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Focuser collimation? Or just tension?

collimation equipment refractor
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#1 AlphaGJohn

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Posted 13 April 2019 - 07:53 PM

Hi Folks,

 

It's been an interesting few days. I have had some trouble collimating my bigger refractor and finally broke down and bought one of the startlingly expensive Takahashi collimating telescopes (figured I could use it on my RC too--and I offered to rent it out to local club members ;-).

 

After fussing with the collimation of the objective cell, I had a friend over recently who wanted to see the scope and I stuck my Howie Glatter laser collimation thingy (RIP, Howie) into the focuser and noted that the laser dot on the objective was not centered. I put the concentric circular pattern holographic gizmo on the laser unit and the results were not exactly what you'd hope for--at least 2 of the outer circles projected onto the wall were broken as it was apparently not very concentric with the objective. Hmmm--and drat! (This is all after working on the collimation of the objective cell.)

 

Well, I fussed around with the focuser a bit and realized that the brass tension screws were quite loose and not even uniformly so. See brass screw in the photo labeled "Tension / Collimation?"; there's 3 of them spaced at 120 degrees around the focuser's flange that it rotates inside of. (I believe this type of focuser is reasonably common. A friend showed me a new Meade he'd just gotten and it was the same type with the collet-style receiver at the eye end of the focuser--he hadn't been able to figure it out: you rotate the part with the little "spokes" to tighten it around the diagonal or eyepiece).

 

LabeledRotatableFocuser.jpg

 

So, finding things a bit loosey-goosey, I stuck a piece of paper over the objective and put the laser unit back in (without the concentric circle attachment) and marked the paper where the spot appeared. Not only not very centered, but as I rotated the focuser through 90 degrees and checked, the spot had moved considerably--moving was expected; I didn't expect the spacing to be quite so wide. Also, if I tightened the rotation lock, it pushed the laser spot further from the center. So, some tightening of the rotation tension screws and I got the laser spot showing a lot closer to the center, but hardly perfect.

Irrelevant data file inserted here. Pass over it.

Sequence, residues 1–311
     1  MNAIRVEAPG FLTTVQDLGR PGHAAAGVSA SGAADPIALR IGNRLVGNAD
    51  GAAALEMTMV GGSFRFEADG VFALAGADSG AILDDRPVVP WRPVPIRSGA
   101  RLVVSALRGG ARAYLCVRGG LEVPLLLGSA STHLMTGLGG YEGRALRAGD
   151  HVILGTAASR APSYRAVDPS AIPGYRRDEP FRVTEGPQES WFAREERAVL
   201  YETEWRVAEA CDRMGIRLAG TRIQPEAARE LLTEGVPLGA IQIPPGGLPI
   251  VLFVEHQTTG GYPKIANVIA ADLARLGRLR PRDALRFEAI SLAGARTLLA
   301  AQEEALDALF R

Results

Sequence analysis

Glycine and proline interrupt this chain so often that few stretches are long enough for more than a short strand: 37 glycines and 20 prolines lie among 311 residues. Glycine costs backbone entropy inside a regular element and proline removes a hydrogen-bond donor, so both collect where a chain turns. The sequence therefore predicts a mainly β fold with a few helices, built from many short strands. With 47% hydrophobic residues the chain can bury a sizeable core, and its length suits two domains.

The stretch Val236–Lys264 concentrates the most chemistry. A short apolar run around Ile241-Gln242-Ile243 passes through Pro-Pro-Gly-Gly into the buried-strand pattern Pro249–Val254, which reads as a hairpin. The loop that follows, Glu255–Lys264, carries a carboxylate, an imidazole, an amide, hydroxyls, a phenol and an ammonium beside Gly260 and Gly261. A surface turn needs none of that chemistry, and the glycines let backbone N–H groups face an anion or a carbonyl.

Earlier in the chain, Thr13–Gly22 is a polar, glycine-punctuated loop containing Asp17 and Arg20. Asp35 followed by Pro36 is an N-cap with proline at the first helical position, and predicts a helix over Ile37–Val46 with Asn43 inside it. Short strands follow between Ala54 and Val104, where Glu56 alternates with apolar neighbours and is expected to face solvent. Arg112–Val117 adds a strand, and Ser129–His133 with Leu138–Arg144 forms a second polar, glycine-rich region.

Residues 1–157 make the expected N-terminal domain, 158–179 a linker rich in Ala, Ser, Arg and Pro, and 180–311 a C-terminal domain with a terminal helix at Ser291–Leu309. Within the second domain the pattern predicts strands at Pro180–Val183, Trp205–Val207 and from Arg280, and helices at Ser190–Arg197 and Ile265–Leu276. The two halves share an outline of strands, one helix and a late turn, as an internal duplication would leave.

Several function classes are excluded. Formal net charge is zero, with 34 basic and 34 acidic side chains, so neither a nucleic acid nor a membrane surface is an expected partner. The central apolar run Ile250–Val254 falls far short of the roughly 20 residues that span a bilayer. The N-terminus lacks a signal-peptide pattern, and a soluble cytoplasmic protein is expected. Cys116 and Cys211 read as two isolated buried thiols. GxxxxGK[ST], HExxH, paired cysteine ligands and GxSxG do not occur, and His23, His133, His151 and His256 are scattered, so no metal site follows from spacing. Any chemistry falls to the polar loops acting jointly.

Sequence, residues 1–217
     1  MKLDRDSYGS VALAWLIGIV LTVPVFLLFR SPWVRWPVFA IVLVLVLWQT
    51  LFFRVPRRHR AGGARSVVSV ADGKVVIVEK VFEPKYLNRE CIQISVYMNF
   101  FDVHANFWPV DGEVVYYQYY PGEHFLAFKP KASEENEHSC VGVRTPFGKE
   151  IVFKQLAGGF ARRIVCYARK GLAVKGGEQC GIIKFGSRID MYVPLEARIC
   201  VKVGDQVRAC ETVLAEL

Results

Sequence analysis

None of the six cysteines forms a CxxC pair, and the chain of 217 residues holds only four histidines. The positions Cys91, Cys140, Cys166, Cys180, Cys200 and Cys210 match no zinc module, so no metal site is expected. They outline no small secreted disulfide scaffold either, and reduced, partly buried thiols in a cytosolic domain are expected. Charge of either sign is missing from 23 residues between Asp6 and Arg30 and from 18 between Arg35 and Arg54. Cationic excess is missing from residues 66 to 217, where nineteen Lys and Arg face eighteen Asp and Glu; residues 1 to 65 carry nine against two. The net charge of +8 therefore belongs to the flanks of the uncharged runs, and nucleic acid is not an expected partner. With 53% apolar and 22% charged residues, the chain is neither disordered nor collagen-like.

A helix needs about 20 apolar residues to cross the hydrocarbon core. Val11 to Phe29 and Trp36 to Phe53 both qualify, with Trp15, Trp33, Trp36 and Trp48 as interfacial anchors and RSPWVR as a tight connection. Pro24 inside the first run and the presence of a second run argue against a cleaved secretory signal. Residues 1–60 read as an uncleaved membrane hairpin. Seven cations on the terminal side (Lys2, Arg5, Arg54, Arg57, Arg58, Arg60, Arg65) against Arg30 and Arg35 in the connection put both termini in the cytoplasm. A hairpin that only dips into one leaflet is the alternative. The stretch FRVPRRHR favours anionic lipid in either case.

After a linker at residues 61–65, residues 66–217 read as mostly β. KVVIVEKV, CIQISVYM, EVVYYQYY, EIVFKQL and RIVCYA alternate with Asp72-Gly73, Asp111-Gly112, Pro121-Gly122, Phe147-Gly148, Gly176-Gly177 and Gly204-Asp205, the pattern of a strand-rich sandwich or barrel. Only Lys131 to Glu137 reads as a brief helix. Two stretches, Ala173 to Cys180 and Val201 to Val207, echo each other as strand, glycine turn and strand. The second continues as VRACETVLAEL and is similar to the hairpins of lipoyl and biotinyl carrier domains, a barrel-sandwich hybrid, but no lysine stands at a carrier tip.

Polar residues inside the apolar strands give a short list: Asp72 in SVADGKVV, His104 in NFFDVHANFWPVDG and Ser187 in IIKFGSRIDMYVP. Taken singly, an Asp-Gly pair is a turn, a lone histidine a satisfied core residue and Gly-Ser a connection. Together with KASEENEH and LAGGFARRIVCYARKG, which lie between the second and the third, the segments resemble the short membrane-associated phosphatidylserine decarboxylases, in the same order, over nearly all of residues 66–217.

Finally, here's the question: are these tension screws also supposed to allow adjusting the focuser to center it along the light path of the scope? Or are they just intended to provide tension on the rotating body of the focuser? They definitely control the amount of tension on the rotatable part of the focuser; and the ends of the screws are nylon or something similar so clearly they're intended to both provide some friction, but still allow the focuser body to turn inside the flange when they're in contact with the focuser body. If they're intended to have a collimation function, then I'll try fiddling some more.

 

Here's the best I was able to get in the time available with centering the focuser last evening. Marking the laser spot then rotating it through 90 degrees and marking again (all the way around) resulted in about a 9mm on-a-side square.

 

LaserPositionsAsRotated.jpg

 

Of course, with the focuser better centered, the collimation wasn't good as viewed through the Takahashi collimation scope. (Fortunately, my wonderfully handy-with-tools wife helped with the recollimation and that spend up that process a lot.) I'm sure that if I tested the collimation with the focuser rotated around at different angles, the collimation would appear off in all but the position we left it at while redoing the collimation, but that's a frustration to face another day. The concentric circle holographic attachment projects a better-looking pattern, but as you can see, the bottom of the outer circle is not quite as clear as it might be. But, it's a darn sight better than it was.

 

ConcentricCirclesProjection.jpg

 

I'd be very curious to know if you think I should try to improve the collimation of the focuser or figure it's good enough; I'm not sure how much better it could get without replacing it with something with some more adjustment options. The scope is f/8 so it's perhaps more critical than it would be on a scope with a slower f-ratio, yet less critical than with a faster one. I have had good views through it even before I got the Tak collimation scope, so I don't know how obsessed to be about trying to improve it.

 

Thanks for any suggestions comments you care to add!

 

(There is a vague possibility we might have at least some sucker holes this evening after dark. It's been a rainy and cloudy spring so far here.)

 

John

 

 

 


Edited by AlphaGJohn, 13 April 2019 - 11:41 PM.


#2 AntMan1

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Posted 13 April 2019 - 07:57 PM

The screw in question is a rotation tension screw. The more weight you add to the imaging train the more you will need to tighten them or you will get tilt..  There should be two more around the collar no?

And they should be turned in the same amount each or that could introduce tilt also.


Edited by AntMan1, 13 April 2019 - 08:00 PM.

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